A Colonial Market Day on Queen Anne

Somewhere In Time, Limited, summons up the colorful past

On Sunday afternoon, Oct. 21, the Queen Anne Christian Church was transformed into a bustling Georgian Market with vendors offering their wares. There were tables with brightly colored costumes and accessories, creating a festive and fun atmosphere, provided by the imagination of the good people of Somewhere in Time Unlimited [SITU]. The invitation in their newsletter read as follows:

Hear ye! Hear ye! King George declares a time for cleaning out the old to let in the new! Come to the Market in blessed Queen Anne's Church to offer for sale the fripperies and fancies of old

-that medieval gown that has grown smaller while in the wardrobe

-that wig that isn't really in any time period you want to visit

-all the patterns and fabrics that will never see completion

-the boots, the baubles, the ribbons, the too small, the too big, too loud and too much!

Bring it all to the Somewhere in Time, Unlimited, costume sale this fall. We are inviting the public to come to purchase for fair coin the makings of a Halloween outfit to serve their wayward intent. Jongleurs and wandering musicians are welcome!

Dress in the time of our King George III, 1740 to 1776. Dress as a tradesman, a laborer, a bawd, a pickpocket, a housekeeper, a maid, a lady or a gentleman.

Join us for gossip, a gloat, a trick or a trade. Before the fall sets our teeth to chatter, come share with those who matter.

The success of the event proved that the ingenuity and imagination of the SITU group was indeed unlimited, proved by the variety of the costumes and characters of those attending and the diversity of items for sale.

Somewhere in Time, Unlimited, was formed in 1979 by members of the Society for Creative Anachronism who wished to extend the historical boundaries from the medieval period to encompass more colorful eras - the Edwardian, the Victorian, the Roaring '20s, right up to the present.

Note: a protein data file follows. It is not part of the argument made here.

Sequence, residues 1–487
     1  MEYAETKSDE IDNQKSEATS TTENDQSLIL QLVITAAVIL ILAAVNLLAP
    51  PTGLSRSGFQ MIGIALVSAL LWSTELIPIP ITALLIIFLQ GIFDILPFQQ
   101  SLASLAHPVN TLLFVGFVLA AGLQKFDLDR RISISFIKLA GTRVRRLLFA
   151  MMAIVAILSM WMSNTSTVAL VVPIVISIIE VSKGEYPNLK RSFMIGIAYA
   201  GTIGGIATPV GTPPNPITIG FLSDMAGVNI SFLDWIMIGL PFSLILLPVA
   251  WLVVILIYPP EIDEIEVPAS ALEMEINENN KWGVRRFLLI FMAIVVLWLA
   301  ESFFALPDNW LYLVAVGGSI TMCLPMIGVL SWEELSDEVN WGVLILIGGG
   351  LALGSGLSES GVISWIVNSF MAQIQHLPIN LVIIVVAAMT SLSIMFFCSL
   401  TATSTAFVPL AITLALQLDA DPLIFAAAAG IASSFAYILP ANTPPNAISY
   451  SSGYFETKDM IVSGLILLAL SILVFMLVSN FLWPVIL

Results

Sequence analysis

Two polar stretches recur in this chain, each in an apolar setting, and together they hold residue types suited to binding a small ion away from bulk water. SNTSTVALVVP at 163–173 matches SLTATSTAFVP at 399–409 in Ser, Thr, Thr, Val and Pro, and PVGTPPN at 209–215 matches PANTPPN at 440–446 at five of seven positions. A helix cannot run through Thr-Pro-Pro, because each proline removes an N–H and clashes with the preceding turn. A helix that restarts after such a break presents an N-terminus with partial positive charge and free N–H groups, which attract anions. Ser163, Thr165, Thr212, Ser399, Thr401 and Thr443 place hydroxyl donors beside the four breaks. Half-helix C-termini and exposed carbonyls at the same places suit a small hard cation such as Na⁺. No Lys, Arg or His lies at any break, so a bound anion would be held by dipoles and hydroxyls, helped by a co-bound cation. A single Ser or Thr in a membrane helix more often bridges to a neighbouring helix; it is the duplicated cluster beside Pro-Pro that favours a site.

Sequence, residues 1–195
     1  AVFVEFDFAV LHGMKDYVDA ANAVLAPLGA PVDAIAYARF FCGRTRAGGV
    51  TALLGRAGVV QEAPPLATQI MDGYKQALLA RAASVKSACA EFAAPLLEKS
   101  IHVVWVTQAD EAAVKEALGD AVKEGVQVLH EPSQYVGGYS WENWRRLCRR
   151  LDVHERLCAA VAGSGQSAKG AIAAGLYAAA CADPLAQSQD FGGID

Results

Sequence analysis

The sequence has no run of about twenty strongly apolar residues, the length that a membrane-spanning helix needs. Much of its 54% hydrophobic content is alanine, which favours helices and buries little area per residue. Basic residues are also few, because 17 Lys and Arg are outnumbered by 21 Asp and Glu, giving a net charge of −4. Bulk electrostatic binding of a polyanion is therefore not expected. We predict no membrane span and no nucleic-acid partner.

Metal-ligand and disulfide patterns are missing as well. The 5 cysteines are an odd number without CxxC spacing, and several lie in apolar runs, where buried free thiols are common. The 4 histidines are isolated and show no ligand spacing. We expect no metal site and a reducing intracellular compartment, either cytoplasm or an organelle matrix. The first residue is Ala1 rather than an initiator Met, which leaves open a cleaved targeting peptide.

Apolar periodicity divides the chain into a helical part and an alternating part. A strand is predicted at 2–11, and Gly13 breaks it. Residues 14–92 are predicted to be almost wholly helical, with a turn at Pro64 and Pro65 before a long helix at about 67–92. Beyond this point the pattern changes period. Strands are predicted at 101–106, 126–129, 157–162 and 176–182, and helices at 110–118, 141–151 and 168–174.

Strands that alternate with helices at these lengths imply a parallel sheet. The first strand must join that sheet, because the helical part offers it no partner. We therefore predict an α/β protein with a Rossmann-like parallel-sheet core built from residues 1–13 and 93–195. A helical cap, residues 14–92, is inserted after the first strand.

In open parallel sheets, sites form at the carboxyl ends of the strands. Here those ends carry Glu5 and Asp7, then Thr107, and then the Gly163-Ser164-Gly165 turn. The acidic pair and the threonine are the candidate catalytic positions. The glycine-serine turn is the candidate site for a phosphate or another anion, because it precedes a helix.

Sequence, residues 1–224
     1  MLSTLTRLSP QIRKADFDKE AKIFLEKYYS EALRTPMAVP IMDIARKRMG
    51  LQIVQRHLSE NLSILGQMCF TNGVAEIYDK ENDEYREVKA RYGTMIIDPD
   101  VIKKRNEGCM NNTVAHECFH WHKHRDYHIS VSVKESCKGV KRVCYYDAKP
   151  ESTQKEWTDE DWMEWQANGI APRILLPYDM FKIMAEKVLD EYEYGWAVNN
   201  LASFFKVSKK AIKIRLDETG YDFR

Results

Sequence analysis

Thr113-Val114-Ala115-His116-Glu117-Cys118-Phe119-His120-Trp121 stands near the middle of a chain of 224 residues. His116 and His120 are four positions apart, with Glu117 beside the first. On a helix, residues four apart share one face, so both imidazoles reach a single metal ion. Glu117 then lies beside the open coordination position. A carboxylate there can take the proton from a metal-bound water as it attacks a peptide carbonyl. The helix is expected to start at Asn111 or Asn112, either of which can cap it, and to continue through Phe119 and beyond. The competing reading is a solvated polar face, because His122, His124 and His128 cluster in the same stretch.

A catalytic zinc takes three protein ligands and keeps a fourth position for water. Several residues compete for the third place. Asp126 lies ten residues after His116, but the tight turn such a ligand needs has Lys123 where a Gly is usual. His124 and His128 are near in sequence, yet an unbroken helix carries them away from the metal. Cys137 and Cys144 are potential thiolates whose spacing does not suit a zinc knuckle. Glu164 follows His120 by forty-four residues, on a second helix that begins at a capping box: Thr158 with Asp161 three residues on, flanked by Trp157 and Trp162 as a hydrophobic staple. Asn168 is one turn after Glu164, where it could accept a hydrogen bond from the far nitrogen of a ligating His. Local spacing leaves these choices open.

The SITU "season" commences with an opulent holiday ball. They have danced their way through Old Vienna, Georgian and Dickensian England, and the Russia of the Romanovs. Spring and autumn events are typically smaller and more informal. Themes have included an 18th-century fair, a Gothic literary tea, a 19th-century explorers' gathering, a 1920s speakeasy, a nightclub in Shanghai of the 1930s and murder mysteries. Summer features al fresco events such as garden parties, Victorian bathing parties, a day at the horse races, a cricket match and a tiger hunt in the India of the Raj.

Social activities are produced by SITU members, and all are encouraged to participate in planning and creating the events.

Costumes need not be elaborate or expert; they ask only that those who attend an event make an attempt at period costume to add to the atmosphere and enjoyment of occasion. Help with costumes is also available from their members, and there is a sewing circle that meets regularly.

Over the years SITU has produced such interesting events as Queen Victoria's Ambassador's Ball, Sherlock Holmes Murder Mysteries (1880-1900) and A Christmas in Early Seattle (1870-1910) with sailors, seamstresses and Mercer Girls.

Membership includes many Queen Anne and Magnolia residents as well as others throughout the Puget Sound area and the state of Washington. There are artists, educators, accountants, secretaries, scientists, singers - in fact, anyone with lots of imagination and an interest in history and costuming is welcome.

At their next big event SITU will celebrate Scotland's favorite son, the romantic poet Robert Burns. The time is Saturday, Jan. 26, from 6:30 to 11 p.m., on the moors of Magnolia, in the parish hall of a country church, Magnolia Lutheran. Dress in your family tartan, ready to dance a reel, recite a line, propose a toast or just enjoy the winter warmth of good friends.

SITR now has its own Web site at which you can find further details: www.SITUseattle.com.

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